Contern became a comic book collector's heaven over the weekend
Photo: Maison Moderne
Last weekend’s action-packed comic book festival in Contern was a chance to pay tribute to a beloved artist and turn a new page for comic books in Luxembourg.
Photo: Maison Moderne
During the festival, organisers and the comic book community inaugurated the new rue Roger Leiner, on a new development not far from the centre.
Leiner, who co-created the iconic Luxembourg superhero Superjhemp character with Lucien Czuga over 25 years ago, died on 29 December, 2016, aged 61.
“I admit I had difficulty giving my speech. It was a very emotional moment. His wife and two sons and daughter were there,” festival president Ari Arensdorff told Delano.
As well as Luxembourgish, English was a language commonly heard among guest writers at this year’s event as the festival put American and UK comic books in the spotlight.
Among the guest artists was Charlie Adlard (“The Walking Dead”), the UK’s comic book laureate, whose goal is to promote comic books as a literacy tool.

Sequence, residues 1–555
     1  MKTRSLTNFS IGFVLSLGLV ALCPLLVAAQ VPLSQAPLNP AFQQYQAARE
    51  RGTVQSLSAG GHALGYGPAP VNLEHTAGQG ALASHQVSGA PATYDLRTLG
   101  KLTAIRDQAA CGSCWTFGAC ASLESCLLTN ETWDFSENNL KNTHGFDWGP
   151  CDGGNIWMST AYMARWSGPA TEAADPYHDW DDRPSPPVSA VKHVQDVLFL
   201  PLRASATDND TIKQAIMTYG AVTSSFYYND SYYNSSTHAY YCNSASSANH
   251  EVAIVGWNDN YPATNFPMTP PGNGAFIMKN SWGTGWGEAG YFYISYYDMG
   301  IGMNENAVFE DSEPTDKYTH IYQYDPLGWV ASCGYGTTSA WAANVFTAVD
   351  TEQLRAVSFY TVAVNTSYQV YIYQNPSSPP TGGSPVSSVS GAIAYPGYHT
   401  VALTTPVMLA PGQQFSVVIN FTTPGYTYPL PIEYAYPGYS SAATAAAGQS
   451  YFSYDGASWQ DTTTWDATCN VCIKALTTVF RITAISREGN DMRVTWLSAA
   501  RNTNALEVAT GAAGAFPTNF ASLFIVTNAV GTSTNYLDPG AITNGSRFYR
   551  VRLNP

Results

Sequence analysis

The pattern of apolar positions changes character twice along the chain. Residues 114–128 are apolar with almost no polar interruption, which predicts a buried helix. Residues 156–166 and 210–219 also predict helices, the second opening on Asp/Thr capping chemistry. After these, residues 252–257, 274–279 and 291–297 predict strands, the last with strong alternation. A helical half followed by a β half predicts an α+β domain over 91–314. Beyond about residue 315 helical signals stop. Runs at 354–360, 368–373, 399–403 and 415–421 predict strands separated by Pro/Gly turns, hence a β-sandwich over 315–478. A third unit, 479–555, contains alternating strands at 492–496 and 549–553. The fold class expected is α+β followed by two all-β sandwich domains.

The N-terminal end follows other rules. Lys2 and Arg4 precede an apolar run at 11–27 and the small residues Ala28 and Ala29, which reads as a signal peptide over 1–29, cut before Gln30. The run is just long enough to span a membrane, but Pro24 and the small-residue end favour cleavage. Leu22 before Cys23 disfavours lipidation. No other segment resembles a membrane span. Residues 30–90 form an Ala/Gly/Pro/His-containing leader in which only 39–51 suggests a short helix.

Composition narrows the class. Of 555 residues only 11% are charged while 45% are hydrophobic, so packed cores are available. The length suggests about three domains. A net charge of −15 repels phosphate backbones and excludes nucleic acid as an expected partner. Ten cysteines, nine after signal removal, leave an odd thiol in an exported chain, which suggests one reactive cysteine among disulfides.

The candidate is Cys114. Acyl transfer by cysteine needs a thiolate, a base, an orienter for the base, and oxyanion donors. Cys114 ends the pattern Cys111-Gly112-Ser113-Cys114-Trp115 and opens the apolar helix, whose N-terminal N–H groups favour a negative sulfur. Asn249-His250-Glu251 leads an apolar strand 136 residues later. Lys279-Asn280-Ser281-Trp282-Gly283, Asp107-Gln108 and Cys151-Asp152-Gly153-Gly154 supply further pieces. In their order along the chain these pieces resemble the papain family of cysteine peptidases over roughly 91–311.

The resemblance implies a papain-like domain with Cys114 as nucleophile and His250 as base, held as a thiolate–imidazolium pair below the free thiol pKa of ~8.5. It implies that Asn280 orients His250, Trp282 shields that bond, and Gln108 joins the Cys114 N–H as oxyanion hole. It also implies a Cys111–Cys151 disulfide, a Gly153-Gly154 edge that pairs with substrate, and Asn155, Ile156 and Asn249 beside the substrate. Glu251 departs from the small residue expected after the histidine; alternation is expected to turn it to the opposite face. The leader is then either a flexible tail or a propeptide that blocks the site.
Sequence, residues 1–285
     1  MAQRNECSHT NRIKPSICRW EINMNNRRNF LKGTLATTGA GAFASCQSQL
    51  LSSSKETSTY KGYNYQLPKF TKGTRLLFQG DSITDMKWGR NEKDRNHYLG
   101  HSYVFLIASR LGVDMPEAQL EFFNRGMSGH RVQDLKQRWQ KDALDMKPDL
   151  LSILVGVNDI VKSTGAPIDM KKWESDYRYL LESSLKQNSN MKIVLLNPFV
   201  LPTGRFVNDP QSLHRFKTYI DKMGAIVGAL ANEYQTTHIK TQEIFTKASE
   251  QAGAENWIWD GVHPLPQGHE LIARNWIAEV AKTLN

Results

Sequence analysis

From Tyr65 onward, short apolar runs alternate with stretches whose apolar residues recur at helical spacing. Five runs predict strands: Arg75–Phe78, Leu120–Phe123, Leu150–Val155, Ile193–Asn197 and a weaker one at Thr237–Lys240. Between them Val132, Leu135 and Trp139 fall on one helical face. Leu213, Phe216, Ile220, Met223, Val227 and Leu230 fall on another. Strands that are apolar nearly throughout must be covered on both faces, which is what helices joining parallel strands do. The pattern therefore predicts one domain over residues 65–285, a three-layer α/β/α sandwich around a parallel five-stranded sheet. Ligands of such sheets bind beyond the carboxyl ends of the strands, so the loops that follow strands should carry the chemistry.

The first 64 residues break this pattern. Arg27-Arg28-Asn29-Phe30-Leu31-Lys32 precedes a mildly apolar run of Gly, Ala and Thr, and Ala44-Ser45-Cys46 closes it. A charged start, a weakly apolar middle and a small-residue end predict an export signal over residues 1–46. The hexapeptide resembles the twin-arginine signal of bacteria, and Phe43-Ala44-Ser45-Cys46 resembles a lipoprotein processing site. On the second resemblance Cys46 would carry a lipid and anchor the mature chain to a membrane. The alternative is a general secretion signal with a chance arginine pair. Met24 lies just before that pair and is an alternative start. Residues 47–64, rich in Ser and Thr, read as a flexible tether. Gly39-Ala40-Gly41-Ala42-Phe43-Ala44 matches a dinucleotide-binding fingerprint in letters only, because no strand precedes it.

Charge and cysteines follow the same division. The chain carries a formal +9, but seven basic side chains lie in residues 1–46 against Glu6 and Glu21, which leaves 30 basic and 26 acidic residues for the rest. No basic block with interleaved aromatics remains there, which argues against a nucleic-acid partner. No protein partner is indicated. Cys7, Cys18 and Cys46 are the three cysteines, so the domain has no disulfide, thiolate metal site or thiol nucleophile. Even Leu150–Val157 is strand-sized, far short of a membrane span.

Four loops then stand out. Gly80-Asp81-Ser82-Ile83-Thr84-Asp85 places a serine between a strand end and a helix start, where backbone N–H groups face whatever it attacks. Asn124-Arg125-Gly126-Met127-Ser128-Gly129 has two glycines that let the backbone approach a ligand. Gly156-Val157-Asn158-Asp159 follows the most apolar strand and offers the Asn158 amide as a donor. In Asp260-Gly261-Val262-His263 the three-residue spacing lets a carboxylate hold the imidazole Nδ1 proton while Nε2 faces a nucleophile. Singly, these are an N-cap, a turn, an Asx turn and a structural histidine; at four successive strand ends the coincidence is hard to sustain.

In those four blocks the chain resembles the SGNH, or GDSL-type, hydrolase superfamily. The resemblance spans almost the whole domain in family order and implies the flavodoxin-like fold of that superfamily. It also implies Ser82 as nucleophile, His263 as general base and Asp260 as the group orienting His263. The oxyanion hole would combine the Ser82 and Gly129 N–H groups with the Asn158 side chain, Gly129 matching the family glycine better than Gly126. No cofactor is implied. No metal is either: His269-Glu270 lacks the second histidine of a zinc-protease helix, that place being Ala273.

Other guests included Pascale Velleine, who grew up in Luxembourg and co-wrote the Luxembourg secret agent Jamie Blond books with Lucien Czuga.
“It’s a pleasure to come to Luxembourg to see to what extent the country has changed,” she said, adding: “There’s a real international side. But in Luxembourg, I suppose that’s normal!”
A comic book library
In keeping with the idea of comic books to aid literacy, Arensdorff told Delano about his project to create a national comic book library in Contern and hire a person to manage that and future festivals.
Eighteen months ago, the committee purchased a collection of 16,000 comic books and graphic novels purchased for a symbolic €1 fee. They added a further 3,000 books, many of which are in German, this year.
“Normally the library will be in the old school building. A lot will depend on the elections in October. If I’m still involved, then it will be my project,” he said, adding: “The new post will be to start the library and run the festival. We need someone who is there, full-time.”
The eclectic collection includes books in French and German, as well as some valuable editions dating from the 1920s. “We won’t be lending those out,” Arensdorff added.